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Innovation is our Motivation:

From our early days introducing cthe community radio concept to creating small-system cable Internet service, we also generated community supprt forCanad's first long range fibre-optic network.

Above are Buckley Petawabano, a founder of the Eeyou Communications Network (ECN) and the founder of the James Bay Cree Communications Society and RTS Canada's first president, Fernand Fred Leclaire.

Innovation and Breakthroughs in Telecom

Bringing modern telecommunications to the North required many successful initiatives in technology, many of these experiments became "firsts" in Canada and models for the world.

Many were applications adapted by local technicians to overcome problems caused by isolation, weather, distance, language, available services, lack of materials - however, none of these obstacles overwhelmed the enthusiasm of the Cree participants and they succeeded; other innovations came about by trust and cooperation between local residents and telecommunications specialists.

Here are a few:

Canada's First Aboriginal Radio Network
(1980) Cree regional Radio had no delivery facilities anywhere, anywhere in the north. CBC North decided to introduce a program in 1980 but had no staff; together with local communities, it sponsored the first radio training course in the north in Mistissini.

Successful candidates were hired by CBC and worked in Montreal on the Northern Service short-wave service.

(1985) Local communities decided that they needed full-time radio t replace the one-hour a day CBC service. Twenty participants from all Cree communities gathered in Mistissini for a one-year course sponsored by the Cree School Board (Adult Education) to learn radio broadcasting and management. It produced managers and broadcasters for all Cree communities, many of whom are still at their stations today.
(1986) Mistissini FM signed on and the James Bay Cree Communications Society (JBCCS) was created.

First Use of Satellite for Radio Broadcasting
(1986-87) Satellite Radio - first use of satellite for radio in Canada (Canada was the first country in satellite broadcast technology with Anik systems). Experimenting with a small portion of the television band and a converted television transponder, JBCCS and Telesat were able to transmit radio from Mistissini on a dedicated channel to all Cree communities and to the CBC network in Montreal for retransmission on its short-wave service. As a result, they reduced significant communications costs and transformed a tinny long-distance telephone connection to Montreal with a high-quality FM signal.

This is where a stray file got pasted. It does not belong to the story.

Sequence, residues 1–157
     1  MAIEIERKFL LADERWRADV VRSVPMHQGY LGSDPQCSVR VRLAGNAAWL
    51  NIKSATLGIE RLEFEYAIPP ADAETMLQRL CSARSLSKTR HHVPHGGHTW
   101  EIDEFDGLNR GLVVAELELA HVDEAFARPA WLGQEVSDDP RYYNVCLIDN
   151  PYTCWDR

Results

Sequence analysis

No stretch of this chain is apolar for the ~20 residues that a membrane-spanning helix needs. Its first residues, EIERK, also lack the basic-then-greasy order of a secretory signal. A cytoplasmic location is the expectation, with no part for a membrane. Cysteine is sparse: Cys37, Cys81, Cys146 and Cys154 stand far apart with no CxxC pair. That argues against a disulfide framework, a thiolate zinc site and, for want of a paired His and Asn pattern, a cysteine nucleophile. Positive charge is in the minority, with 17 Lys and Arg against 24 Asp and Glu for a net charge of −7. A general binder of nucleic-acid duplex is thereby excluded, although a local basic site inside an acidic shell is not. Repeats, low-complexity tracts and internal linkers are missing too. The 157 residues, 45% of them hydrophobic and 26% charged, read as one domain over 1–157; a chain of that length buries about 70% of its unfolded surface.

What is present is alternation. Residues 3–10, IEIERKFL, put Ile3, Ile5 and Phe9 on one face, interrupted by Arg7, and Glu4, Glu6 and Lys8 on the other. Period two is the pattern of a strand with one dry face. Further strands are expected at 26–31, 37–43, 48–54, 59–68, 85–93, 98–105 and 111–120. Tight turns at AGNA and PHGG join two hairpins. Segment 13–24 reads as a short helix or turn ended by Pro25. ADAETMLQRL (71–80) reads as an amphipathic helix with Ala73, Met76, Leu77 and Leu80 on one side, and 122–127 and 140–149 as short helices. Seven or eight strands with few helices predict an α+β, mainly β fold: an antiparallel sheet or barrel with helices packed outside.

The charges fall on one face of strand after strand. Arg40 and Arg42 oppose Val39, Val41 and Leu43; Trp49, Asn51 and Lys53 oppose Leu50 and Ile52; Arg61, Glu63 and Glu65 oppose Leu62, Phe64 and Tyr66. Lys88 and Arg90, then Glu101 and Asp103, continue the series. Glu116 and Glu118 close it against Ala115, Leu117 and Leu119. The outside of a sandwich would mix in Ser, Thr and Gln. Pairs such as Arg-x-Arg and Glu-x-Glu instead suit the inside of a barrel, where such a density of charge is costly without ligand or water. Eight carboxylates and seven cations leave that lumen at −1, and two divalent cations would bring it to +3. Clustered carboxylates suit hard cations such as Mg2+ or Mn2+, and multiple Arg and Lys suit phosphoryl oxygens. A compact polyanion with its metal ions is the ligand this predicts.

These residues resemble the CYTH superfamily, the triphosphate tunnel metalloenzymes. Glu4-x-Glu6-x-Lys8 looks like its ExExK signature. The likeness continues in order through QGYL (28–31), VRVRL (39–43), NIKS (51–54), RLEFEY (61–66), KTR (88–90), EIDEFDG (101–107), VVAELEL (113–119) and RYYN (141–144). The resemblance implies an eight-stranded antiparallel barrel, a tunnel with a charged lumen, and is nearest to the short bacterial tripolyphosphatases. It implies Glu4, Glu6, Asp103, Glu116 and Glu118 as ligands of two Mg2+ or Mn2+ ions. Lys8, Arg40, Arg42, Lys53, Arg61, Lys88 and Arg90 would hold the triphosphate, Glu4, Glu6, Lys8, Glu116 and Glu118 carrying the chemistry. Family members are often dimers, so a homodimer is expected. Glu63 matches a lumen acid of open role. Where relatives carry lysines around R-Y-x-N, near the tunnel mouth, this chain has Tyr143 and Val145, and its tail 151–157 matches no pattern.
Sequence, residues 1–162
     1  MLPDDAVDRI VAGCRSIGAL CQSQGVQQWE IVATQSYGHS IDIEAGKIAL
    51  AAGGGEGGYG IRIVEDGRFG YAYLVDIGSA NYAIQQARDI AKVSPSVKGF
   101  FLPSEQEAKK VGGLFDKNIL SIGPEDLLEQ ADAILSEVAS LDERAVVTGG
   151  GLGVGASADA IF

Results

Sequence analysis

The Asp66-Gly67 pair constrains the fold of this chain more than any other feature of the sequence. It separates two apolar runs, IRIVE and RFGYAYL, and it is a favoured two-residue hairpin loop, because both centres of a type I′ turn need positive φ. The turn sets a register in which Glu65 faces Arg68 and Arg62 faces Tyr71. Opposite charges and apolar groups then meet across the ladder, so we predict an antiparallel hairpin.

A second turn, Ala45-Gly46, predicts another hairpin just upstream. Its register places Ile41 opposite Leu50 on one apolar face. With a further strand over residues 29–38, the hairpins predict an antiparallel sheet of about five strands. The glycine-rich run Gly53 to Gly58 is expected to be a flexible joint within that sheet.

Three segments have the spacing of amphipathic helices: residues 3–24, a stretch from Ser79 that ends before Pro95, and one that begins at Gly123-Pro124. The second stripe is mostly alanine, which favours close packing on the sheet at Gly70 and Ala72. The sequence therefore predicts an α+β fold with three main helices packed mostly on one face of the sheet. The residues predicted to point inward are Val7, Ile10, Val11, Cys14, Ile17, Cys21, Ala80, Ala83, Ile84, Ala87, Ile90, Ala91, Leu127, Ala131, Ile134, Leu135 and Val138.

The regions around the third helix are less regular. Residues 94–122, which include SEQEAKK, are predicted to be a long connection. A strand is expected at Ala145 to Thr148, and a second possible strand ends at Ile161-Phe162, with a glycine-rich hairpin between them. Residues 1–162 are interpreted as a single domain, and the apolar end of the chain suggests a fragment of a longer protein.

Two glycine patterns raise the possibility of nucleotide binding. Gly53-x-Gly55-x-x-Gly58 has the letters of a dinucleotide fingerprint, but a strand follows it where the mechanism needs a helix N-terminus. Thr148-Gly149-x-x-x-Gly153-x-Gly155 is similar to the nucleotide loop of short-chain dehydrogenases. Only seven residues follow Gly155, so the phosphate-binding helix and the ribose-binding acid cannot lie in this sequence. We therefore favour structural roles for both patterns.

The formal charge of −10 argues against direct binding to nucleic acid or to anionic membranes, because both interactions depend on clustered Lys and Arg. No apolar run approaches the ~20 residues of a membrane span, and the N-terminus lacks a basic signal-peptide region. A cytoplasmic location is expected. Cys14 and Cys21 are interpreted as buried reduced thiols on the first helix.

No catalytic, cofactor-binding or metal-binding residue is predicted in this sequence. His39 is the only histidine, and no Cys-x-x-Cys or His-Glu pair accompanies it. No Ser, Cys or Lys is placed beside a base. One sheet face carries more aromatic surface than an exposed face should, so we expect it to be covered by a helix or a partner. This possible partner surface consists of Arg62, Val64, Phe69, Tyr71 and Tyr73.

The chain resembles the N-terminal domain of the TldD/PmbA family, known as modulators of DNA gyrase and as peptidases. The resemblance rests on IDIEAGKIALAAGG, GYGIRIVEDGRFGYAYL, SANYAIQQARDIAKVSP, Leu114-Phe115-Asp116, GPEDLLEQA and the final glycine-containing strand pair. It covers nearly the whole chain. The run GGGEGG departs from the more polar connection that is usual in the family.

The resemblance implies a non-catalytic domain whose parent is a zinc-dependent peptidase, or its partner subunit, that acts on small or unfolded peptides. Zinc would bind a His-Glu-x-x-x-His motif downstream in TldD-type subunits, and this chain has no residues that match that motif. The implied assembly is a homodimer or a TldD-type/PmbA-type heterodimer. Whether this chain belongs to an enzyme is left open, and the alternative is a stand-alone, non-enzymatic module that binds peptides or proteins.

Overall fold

(Ongoing) A significant but unplanned benefit from this innovation: by broadcasting only in Cree, these local radio services were the first use of radio broadcasting as a tool for language retention: Prior to the formation of JBCCS in 1984 and local radio societies in the late 1980s, northern communities could only listen to southern radio stations in English or French or the one-hour daily Cree broadcast from CBC. Cree stations were the first of the local Aboriginal broadcast stations to broadcast exclusively in the language of the community. With a successful training program from the Cree School Board, Cree is today among the leading successful Aboriginal spoken languages alive and well in its own communities.

First Small-System Cable-Internet service;
First Northern Canadian Internet Service
(1994-98) Internet. Creenet in Wemindji in 1995 was the first dialup service in the north, even before Val d'Or or Chibougamau while Chisasibi was Canada's first small cable system to begin 2-way cable Internet service. By 1998 ehrn Chisasibi began the Internet experiment, only Rogers and Cogeco offered the service in large urban centres. In Wemindji, by adapting toll-free long-distance and dedicated microwave technology and in Chisasibi by experimenting with satellite Internet delivery, the communities were the first in the north to be On-Line. Unique applications within the systems included a protective firewall invented by Oliver Rupert to secure television reception.

Rupert's Mound: How-To eliminate C-Band Interference from snowmobiles

First Independent Fibre Optic Transport Network
First Use of Long-Haul Telecommunications Technology
(2000-08) Fibre optic service. As a result of a protracted battle over telephone rates, the James Bay Cree Regional Authority concluded an agreement with Hydro-Québec to build the world's first long-haul fibre network using applications for technology ever before used in aerial transmission, including the use of submarine technology for transport. It is Canada's only Aboriginal telecom transport network that is fully independent from the telephone system and is the largest fibre network in Quebec. Significantly, it was also the first major partnership between Cree and non-Aboriginal local governments in Eeyou Istchee.
New projects include fibre to the Home and Community-Wide pubic access wi-fi Hot-Spots.

First radio signals to cover James Bay Highway, Route du Nord and Highway 113
(2010-ongoing) Highway radio and emergency services: expansion of radio signals from coastal communities to cover the James Bay highway with a series of very tall telecom towers allowed for the first time radio services of the Cree network to include the James Bay highways and hunting/trapping territories. Work is currently underway to include all of the James Bay and Highway 113 and, for the first time, applying D3 technology for Digital Display Systems for Weather and Highway Warning Systems and weather warnings. Next the FM system intends to expand to include French language services for highway travelers.

© RTS Canada 2012

A Salute to Canadian Innovation across the years

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